Imagining a Better Future by Re-imagining the Past

Saturday, August 7, 2021

History Repeats Itself

Currently, controversy is brewing in State and Local governments across the U.S. over whether Critical Race Theory should be taught in public schools. According to Wikipedia, "Critical race theory (CRT) is a body of legal scholarship and an academic movement of civil-rights scholars and activists in the United States who seek to critically examine the intersection of race and U.S. law and to challenge mainstream American liberal approaches to racial justice. CRT examines social, cultural, and legal issues primarily as they relate to race and racism in the United States." Also, according to Wikipedia, "As of 2002, over 20 American law schools and at least three non-American law schools offered critical race theory courses or classes that covered the issue."

This would not be the first time governments have attempted to prevent the teaching of subjects of which they disapprove. 

On March 25,  1925, the Tennessee House of Representatives passed what would be known as the Butler Act. Introduced by member John Washington Butler, this legislation prohibited public school teachers from denying the Biblical account of humankind's origin. The law also prevented teaching that humans evolved from what it referred to as lower orders of animals in place of the Biblical account.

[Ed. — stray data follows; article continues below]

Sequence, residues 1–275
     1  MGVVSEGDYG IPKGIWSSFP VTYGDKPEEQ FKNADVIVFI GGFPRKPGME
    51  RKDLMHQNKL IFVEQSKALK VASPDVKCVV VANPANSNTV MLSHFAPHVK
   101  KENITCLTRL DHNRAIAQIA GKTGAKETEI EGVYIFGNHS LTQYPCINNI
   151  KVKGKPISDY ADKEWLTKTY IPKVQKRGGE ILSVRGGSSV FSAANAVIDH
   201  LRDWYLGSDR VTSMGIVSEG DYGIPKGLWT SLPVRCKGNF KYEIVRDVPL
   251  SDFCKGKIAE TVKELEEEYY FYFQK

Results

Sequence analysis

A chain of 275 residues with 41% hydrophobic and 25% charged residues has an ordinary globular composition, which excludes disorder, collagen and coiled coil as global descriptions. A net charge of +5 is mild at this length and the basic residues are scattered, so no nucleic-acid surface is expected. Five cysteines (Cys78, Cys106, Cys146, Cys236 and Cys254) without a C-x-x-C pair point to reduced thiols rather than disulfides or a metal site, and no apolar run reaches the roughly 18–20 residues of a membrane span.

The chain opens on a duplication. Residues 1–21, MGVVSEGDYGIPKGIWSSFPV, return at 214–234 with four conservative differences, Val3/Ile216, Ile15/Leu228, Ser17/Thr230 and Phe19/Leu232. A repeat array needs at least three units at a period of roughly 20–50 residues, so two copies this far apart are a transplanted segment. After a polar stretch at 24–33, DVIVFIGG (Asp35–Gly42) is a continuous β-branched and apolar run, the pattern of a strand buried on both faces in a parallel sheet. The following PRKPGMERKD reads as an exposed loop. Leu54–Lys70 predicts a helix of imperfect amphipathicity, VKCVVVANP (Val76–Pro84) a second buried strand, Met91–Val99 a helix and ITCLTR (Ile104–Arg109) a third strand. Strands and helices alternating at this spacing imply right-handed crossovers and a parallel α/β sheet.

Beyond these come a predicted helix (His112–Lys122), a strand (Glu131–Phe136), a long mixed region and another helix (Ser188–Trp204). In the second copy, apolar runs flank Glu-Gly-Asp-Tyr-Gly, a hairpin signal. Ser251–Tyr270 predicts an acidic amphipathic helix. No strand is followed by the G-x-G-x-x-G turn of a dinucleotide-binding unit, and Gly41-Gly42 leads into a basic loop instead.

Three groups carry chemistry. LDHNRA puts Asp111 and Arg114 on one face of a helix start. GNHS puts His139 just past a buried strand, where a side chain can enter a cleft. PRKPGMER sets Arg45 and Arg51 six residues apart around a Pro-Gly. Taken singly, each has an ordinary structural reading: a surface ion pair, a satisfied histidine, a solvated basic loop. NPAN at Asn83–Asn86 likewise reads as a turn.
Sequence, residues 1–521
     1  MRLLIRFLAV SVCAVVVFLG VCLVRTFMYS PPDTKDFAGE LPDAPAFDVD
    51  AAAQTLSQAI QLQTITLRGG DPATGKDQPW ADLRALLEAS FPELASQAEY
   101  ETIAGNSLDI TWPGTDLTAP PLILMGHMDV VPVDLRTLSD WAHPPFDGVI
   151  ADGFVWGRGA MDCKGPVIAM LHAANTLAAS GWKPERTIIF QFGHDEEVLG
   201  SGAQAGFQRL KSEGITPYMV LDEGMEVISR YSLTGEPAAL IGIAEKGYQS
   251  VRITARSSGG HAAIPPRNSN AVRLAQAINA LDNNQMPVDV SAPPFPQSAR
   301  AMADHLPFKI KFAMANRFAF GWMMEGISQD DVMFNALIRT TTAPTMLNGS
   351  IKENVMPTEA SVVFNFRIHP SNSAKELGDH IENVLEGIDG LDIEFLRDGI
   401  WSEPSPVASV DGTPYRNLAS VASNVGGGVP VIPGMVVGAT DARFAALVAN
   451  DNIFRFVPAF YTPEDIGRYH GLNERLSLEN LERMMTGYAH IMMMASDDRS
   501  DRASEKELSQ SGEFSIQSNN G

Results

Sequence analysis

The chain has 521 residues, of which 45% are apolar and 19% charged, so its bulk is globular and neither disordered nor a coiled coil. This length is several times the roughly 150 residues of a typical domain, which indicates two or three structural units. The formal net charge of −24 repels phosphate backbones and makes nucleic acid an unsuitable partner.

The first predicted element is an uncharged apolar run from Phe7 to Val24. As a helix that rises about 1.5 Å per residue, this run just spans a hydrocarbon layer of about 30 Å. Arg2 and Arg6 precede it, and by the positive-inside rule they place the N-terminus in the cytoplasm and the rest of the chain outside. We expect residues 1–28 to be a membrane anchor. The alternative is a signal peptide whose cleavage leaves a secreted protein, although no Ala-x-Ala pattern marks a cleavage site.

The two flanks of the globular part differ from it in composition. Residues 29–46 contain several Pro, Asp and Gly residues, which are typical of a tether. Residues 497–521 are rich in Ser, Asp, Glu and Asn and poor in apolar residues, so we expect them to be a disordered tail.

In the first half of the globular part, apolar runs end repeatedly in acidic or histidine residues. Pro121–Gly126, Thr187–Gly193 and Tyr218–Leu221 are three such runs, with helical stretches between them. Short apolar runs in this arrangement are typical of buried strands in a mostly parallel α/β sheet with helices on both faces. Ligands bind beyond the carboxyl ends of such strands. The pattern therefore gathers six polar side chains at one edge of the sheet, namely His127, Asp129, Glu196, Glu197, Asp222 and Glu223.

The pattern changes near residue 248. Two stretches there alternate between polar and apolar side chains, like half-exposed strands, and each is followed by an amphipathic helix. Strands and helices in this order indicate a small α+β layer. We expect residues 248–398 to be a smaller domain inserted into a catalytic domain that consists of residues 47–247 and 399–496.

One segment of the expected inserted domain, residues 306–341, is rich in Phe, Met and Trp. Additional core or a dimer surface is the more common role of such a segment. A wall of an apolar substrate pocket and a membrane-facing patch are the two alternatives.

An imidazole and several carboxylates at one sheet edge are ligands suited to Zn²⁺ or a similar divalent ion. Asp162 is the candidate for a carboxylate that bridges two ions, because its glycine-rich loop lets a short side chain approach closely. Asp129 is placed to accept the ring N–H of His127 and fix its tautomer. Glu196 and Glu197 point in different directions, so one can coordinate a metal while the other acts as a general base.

The law was challenged by the ACLU in the famed Scopes Trial, in which John Scopes, a high school science teacher, agreed to be arrested on a charge of having taught evolution. Scopes was served a warrant on May 5, 1925. Scopes was found guilty during the trial, and the law was found to be constitutional by the Tennessee Supreme Court on the grounds that it didn't establish a "preference to any religious establishment or mode of worship." However, Scopes's conviction was reversed on a technicality. 

John Scopes
The Tennessee Legislature finally repealed the Butler Act on May 18, 1967.

In 1955, The Scopes Monkey Trial was turned into a play and later, in 1960, a major motion picture titled Inherit the Wind. The film was directed by Stanley Kramer and starred Spencer Tracy as lawyer Henry Drummond and Fredric March as his friend and rival Matthew Harrison Brady. It also features Gene Kelly, Dick York, Harry Morgan, Donna Anderson, Claude Akins, Noah Beery Jr., Florence Eldridge, and Jimmy Boyd.

Scene from the movie Inherit the Wind

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